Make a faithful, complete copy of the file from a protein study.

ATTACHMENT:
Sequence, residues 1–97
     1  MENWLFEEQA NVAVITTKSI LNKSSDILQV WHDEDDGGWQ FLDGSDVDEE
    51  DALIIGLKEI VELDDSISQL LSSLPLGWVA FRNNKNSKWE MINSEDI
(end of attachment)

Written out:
Sequence, residues 1–97
     1  MENWLFEEQA NVAVITTKSI LNKSSDILQV WHDEDDGGWQ FLDGSDVDEE
    51  DALIIGLKEI VELDDSISQL LSSLPLGWVA FRNNKNSKWE MINSEDI